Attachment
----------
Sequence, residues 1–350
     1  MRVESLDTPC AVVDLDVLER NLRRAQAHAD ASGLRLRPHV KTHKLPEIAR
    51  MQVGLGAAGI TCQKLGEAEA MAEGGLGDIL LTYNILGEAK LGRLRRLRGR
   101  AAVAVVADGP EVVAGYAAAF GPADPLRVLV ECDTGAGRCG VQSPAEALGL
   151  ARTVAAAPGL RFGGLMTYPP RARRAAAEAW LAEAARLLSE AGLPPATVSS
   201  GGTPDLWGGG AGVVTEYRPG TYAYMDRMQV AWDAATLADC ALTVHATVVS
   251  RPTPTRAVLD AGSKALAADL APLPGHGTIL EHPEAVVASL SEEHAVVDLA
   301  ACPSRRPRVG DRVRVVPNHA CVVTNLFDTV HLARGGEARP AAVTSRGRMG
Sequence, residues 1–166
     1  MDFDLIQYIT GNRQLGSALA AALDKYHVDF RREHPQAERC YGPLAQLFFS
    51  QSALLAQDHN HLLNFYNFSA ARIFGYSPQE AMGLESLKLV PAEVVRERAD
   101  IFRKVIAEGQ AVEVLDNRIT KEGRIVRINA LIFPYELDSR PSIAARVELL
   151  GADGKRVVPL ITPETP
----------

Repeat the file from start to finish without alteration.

Sequence, residues 1–350
     1  MRVESLDTPC AVVDLDVLER NLRRAQAHAD ASGLRLRPHV KTHKLPEIAR
    51  MQVGLGAAGI TCQKLGEAEA MAEGGLGDIL LTYNILGEAK LGRLRRLRGR
   101  AAVAVVADGP EVVAGYAAAF GPADPLRVLV ECDTGAGRCG VQSPAEALGL
   151  ARTVAAAPGL RFGGLMTYPP RARRAAAEAW LAEAARLLSE AGLPPATVSS
   201  GGTPDLWGGG AGVVTEYRPG TYAYMDRMQV AWDAATLADC ALTVHATVVS
   251  RPTPTRAVLD AGSKALAADL APLPGHGTIL EHPEAVVASL SEEHAVVDLA
   301  ACPSRRPRVG DRVRVVPNHA CVVTNLFDTV HLARGGEARP AAVTSRGRMG
Sequence, residues 1–166
     1  MDFDLIQYIT GNRQLGSALA AALDKYHVDF RREHPQAERC YGPLAQLFFS
    51  QSALLAQDHN HLLNFYNFSA ARIFGYSPQE AMGLESLKLV PAEVVRERAD
   101  IFRKVIAEGQ AVEVLDNRIT KEGRIVRINA LIFPYELDSR PSIAARVELL
   151  GADGKRVVPL ITPETP